Fig. 1

Identification of the RNA>p ligase HSPC117. (A) (Upper panel) Scheme illustrating dsRNA interstrand ligation. 5′-OH, 3′-P RNA oligonucleotides (depicted in gray; asterisk marks position of radiolabel) were incubated with (lanes a and b) or without (lanes c and d) alkaline phosphatase and annealed to complementary RNA strands (depicted in black) incubated with (lanes a and c) or without (lanes b and d) T4 Pnkp and ATP. The obtained RNA duplexes were used as substrates for interstrand ligation in HeLa cell extracts (lower panel). (B and C) Dilution series of protein extracts prepared from cells transfected with small interfering RNAs (siRNAs) targeting HSPC117 and enhanced green fluorescent protein (EGFP) as a control were assayed for interstrand ligation (B) and tRNA maturation (C). (D) Depletion of HSPC117 was confirmed by Western blot.

Depleting HSPC117 by RNA interference (RNAi) abolished interstrand ligation (Fig. 1B and fig. S2) and impaired processing of pre-tRNA transcripts into mature tRNA in cell extracts, leading to a concomitant accumulation of exon halves. These findings are consistent with a role in the ligation of tRNA exons (Fig. 1, C and D).

Assuming that mutation of a strictly conserved cysteine residue (fig. S3) predicted to be involved in metal ion coordination in RtcB proteins (21, 22) would render the enzyme inactive, we created clonal cell lines expressing wild-type c-myc–HSPC117 and the point mutant C122A (Cys122 → Ala122). Affinity purification of c-myc–HSPC117 yielded an immunoprecipitate ligating tRNA exon halves (Fig. 2A, lane 8). In contrast, the point mutant c-myc–HSPC117 C122A was inactive as a tRNA ligase (Fig. 2A, lane 7) in immunoprecipitates containing equal amounts of wild-type and C122A mutant c-myc–HSPC117 (Fig. 2B and fig. S4).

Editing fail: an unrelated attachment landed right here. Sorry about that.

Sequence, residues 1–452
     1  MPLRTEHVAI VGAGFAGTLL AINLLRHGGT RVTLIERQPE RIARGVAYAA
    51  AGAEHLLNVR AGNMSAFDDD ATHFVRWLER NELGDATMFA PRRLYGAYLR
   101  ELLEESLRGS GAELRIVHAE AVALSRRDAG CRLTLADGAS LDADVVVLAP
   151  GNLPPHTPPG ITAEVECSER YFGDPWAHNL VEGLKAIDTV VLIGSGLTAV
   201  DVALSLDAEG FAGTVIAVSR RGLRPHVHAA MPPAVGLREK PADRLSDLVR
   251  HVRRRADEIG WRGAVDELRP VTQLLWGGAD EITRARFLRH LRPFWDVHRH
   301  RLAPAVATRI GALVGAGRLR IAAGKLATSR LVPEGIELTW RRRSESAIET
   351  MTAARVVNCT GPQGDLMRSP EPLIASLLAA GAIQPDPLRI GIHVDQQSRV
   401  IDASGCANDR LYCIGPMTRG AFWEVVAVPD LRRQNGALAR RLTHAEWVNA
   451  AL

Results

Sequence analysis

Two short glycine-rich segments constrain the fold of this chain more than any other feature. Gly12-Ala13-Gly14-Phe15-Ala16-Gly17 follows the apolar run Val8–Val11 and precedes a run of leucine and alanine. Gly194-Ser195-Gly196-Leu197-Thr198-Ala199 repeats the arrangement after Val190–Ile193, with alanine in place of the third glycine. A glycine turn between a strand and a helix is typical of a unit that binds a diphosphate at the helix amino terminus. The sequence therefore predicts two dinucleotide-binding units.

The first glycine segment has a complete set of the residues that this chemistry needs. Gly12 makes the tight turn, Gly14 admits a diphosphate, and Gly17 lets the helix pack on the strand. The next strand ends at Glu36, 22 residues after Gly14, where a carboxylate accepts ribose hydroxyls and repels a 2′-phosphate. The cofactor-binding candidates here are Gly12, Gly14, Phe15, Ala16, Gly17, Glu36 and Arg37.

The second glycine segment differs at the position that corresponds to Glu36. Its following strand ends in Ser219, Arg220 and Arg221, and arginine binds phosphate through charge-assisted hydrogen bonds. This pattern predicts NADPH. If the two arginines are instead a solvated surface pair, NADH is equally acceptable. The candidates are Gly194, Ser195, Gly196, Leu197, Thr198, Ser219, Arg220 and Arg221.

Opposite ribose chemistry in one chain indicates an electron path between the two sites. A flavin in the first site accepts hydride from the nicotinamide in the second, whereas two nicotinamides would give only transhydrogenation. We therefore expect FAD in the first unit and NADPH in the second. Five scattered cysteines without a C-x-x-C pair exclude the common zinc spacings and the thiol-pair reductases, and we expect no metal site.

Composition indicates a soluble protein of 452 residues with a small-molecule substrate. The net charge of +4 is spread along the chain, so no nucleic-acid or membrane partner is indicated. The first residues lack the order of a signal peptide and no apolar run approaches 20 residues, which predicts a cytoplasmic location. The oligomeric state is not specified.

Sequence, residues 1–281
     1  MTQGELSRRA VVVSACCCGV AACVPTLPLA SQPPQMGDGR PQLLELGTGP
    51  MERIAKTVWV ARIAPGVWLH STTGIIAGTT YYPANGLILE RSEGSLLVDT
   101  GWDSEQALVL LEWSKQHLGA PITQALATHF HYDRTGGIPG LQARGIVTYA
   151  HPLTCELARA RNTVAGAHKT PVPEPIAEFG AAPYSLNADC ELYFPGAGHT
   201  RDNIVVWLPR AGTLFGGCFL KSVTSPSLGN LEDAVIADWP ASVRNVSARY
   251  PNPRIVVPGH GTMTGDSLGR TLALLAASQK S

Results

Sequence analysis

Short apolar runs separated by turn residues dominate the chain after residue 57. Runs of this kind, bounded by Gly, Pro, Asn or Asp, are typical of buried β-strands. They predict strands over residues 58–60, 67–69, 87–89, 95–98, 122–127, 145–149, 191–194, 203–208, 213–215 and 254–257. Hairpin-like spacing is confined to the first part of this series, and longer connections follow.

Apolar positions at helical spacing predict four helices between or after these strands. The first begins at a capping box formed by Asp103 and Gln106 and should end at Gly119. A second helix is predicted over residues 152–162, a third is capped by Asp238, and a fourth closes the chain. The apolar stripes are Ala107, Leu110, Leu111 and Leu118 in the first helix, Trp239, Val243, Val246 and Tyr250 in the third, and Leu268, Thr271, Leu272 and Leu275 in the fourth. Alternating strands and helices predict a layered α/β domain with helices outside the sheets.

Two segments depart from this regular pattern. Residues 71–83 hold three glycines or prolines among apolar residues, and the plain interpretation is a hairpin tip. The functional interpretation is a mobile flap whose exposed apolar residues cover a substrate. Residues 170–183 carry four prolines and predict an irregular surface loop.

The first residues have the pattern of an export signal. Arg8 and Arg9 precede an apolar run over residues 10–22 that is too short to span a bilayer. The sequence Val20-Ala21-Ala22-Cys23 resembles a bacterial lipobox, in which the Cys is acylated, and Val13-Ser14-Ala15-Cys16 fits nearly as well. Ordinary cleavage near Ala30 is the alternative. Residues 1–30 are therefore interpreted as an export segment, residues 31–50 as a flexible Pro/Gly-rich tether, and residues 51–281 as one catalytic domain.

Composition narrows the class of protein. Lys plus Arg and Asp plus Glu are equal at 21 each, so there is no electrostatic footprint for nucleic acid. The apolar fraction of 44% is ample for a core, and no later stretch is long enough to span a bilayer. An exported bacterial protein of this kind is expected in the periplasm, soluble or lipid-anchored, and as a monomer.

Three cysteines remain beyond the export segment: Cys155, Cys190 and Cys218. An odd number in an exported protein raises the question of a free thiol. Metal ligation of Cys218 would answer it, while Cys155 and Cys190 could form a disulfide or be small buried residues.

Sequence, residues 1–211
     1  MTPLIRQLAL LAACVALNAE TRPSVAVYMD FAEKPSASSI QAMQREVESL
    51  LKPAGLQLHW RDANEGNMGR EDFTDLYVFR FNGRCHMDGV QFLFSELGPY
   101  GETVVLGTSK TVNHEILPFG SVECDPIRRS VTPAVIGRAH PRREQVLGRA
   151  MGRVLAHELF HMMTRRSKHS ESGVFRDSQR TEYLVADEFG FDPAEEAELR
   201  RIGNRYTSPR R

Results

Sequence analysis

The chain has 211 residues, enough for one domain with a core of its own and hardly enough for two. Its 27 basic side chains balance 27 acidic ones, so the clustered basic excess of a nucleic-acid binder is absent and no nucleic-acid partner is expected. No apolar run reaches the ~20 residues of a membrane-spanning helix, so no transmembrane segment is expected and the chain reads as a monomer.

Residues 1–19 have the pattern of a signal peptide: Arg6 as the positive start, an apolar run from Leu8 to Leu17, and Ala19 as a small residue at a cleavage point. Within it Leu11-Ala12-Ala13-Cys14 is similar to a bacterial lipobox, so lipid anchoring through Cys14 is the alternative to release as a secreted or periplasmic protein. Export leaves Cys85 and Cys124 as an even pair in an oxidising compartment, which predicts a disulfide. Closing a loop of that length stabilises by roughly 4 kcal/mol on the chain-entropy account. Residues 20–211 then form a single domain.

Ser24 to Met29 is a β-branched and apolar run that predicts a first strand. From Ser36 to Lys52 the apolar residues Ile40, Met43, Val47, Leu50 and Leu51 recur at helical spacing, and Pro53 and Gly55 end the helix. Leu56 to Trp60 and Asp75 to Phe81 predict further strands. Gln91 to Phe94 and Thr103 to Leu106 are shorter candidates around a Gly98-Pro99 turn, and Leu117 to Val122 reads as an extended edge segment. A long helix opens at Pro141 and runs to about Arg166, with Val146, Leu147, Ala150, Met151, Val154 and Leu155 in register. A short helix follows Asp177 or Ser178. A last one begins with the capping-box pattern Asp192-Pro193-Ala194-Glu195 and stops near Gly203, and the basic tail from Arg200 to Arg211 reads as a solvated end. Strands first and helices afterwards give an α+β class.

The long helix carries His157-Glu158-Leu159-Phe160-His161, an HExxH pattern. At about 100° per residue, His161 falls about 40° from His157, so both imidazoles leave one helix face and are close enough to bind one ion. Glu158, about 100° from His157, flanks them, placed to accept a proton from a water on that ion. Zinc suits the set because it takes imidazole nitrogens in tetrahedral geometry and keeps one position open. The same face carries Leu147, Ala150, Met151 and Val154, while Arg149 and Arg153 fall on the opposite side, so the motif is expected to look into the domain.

Fig. 2

Affinity purification of c-myc–HSPC117 from stably transfected HeLa cell lines yields an RNA>p ligase. (A) Immunoprecipitates (IPs) of wild-type (WT) or C122A c-myc–HSPC117 were incubated with tRNA exon halves. An IP prepared from a non-expressing clone was used as negative control. Asterisks denote unrelated bands. (B) Detection of WT and mutant c-myc–HSPC117 in IPs by Western blot. (C) tRNA exon halves were incubated with recombinant CLP1 or T4 Pnkp in the presence or absence of ATP and used as a substrate for ligation with c-myc–HSPC117. (D) RNase T1 fragments derived from [α-32P]UTP-radiolabeled mature tRNA generated either by T4 Pnkp/Rnl1 or affinity-purified c-myc–HSPC117 were resolved by denaturing gel electrophoresis. RNA heptamers were isolated from the gel, digested with RNase T2, and analyzed by thin-layer chromatography (TLC). (E) Circular, [α-32P]ATP-radiolabeled intron generated either by T4 Pnkp/Rnl1 or affinity-purified c-myc–HSPC117 was isolated from gels, digested with nuclease P1, and analyzed by TLC.